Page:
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Is Microsoft Teams a safer video conferencing option than Zoom?

As many work from home due to various lockdown measures implemented around the world to curb the spread of the COVID-19 pandemic, users have flocked to various video conferencing apps, amongst other remote working tools. If you’ve kept up with the news, you’ll know that concerns over privacy and security have come under the spotlight for Zoom, a platform that has come under severe criticism for a perceived lack of transparency. Microsoft has now issued an indirect response of sorts, explaining that there is a “commitment to privacy and security in Microsoft Teams, Microsoft’s remote working platform.

Jared Spataro, Corporate Vice President for Microsoft 365, has shared some of the safeguards in place for video conferences in Microsoft Teams—basically, security measures to make sure that unwanted events like “Zoom-bombing” doesn’t happen. The VP doesn’t mention Zoom by name, but this appears to be an effort by Microsoft to promote Teams as a safer, more secure alternative to Zoom.

Privacy and security controls include strict options that allow hosts to decide who joins the room, while attendee consent is required for recording. There’s also moderation and controls, to prevent unwanted attendees from hacking into meeting rooms.

A more obvious response to Zoom’s recent troubles is Microsoft’s promise that attention-tracking is not a feature in Teams. On Zoom, there have been privacy concerns where meetings hosts are notified if participants don’t have the video conference window up—although this only applies when screensharing is on.

“We take strong measures to ensure access to your data is restricted and carefully define requirements for responding to government requests for data.”

There are also regular “transparency reports” on Microsoft’s Transparency Hub—again, transparency is arguably the underlying problem when it comes to Zoom. In fact, Zoom came under criticism when it was discovered that the company sent user data to Facebook via SDK, although the company has apparently rectified that since.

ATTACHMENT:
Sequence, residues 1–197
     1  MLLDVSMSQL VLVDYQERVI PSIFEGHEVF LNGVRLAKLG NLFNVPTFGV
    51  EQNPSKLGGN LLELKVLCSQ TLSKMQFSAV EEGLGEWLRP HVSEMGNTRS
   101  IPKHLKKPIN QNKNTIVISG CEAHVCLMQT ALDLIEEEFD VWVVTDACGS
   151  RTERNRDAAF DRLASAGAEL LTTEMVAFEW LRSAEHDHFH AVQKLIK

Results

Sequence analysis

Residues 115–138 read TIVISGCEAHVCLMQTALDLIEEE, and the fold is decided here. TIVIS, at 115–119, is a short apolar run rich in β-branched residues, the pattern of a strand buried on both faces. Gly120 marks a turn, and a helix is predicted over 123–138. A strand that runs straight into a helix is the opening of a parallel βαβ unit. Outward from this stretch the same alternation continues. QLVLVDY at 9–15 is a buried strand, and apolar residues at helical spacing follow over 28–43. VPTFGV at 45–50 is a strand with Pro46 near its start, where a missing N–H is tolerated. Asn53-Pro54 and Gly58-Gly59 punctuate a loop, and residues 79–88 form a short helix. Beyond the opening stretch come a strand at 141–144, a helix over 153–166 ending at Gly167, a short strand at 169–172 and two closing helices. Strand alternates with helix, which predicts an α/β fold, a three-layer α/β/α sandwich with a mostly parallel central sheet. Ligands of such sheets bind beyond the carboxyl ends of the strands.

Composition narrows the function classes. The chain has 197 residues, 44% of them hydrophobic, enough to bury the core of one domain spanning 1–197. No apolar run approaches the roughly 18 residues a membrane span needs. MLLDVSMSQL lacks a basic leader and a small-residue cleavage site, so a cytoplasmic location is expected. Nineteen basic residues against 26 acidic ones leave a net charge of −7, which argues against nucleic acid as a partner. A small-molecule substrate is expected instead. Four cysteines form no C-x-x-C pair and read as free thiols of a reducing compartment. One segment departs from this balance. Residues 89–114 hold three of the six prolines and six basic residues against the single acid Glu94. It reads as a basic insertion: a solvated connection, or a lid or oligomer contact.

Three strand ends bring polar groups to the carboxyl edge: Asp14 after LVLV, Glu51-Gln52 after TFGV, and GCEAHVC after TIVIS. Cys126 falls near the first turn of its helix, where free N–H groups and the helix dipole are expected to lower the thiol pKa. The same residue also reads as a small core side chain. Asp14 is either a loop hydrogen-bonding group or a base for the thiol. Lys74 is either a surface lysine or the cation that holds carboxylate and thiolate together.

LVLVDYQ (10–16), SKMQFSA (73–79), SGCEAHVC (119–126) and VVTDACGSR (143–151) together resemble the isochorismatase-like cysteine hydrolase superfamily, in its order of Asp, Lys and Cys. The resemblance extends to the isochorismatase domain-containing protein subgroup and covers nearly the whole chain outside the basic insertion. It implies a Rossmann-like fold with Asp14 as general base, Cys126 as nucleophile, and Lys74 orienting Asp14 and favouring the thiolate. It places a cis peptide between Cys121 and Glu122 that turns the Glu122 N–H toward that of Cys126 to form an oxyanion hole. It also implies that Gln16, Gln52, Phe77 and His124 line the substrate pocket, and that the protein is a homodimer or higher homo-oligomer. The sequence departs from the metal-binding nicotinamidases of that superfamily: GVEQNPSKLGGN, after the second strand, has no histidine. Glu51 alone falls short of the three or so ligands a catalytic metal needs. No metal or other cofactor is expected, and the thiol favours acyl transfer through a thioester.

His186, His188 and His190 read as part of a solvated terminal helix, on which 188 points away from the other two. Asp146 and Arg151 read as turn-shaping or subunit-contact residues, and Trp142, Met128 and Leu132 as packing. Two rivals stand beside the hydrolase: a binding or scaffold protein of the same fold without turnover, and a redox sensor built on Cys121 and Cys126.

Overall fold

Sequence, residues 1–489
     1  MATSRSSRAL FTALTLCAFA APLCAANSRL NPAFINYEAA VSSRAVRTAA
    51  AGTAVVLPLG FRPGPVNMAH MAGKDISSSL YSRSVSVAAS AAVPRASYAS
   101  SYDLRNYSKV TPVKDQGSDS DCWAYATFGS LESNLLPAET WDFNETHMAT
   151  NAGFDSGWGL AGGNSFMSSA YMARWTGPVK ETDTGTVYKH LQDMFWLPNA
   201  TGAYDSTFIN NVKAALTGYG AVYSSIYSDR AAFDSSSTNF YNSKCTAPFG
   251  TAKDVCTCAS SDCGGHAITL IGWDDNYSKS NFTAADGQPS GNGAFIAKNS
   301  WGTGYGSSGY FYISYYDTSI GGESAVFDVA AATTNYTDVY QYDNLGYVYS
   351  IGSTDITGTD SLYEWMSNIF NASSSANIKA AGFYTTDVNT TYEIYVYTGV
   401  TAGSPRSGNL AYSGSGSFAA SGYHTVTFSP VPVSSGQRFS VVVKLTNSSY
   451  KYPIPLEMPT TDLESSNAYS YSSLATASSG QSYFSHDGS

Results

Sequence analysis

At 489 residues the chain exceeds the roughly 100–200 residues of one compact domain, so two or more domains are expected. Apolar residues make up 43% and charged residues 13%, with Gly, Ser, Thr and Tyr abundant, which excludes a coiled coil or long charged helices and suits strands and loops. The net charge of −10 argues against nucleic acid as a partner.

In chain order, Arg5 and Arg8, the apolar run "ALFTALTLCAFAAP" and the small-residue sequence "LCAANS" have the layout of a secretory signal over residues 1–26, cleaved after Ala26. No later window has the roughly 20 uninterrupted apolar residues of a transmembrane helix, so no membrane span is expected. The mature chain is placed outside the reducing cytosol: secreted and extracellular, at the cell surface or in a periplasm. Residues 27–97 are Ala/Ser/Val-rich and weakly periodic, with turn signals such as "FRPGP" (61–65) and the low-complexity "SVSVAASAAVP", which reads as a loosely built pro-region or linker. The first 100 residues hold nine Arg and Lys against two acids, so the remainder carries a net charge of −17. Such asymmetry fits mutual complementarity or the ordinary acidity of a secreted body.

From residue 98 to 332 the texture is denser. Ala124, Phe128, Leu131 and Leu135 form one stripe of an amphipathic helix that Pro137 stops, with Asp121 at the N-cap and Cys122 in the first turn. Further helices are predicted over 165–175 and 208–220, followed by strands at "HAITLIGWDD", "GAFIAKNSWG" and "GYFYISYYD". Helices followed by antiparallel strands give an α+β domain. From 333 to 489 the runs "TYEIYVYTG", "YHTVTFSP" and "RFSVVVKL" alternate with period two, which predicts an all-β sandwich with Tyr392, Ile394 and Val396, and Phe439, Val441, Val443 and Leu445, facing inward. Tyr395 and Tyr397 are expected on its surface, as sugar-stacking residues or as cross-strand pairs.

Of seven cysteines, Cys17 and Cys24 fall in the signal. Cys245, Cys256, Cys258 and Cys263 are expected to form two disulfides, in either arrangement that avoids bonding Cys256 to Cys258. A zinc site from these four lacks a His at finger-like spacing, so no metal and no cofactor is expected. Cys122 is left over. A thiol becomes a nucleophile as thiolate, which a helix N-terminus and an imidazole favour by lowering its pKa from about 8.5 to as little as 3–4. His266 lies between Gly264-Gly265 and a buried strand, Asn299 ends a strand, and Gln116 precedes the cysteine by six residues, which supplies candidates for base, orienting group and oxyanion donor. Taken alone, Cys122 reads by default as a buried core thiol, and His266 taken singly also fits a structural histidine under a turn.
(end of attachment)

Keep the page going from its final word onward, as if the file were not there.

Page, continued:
“Now more than ever, people need to know that their virtual conversations are private and secure. At Microsoft, privacy and security are never an afterthought. It’s our commitment to you—not only during this challenging time, but always.”

Microsoft also says that its compliance with various industry regulations (more than 90), mean that the platform is secure one to use—with an emphasis being placed on students and underage users.

SEE ALSO:  Guide: Which video call apps are safe to use?

Zoom is currently facing a class action lawsuit in the U.S. for some privacy practices, and users have complained of “zoom-bombing”, where trolls join meeting rooms and broadcast inappropriate, unwanted content to the room. Founder and CEO Eric Yuan has apologised for the “missteps”, promising that resources are being diverted towards fixing privacy and security issues. According to Yuan, the issues faced by Zoom stem from the unanticipated surge in users caused by the current global situation.

Zoom was actually launched back in 2013, and its daily users jumped to 200 million in March 2020. Microsoft Teams is a relatively new player on the scene, having been launched in 2017. While Zoom is working to rectify its very public issues, perhaps alternatives such as Microsoft Teams are worth trying.

What do you think? Let us know what your experience with Microsoft Teams has been like in the comments section below. To find out more about security and privacy for Microsoft Teams, click here.

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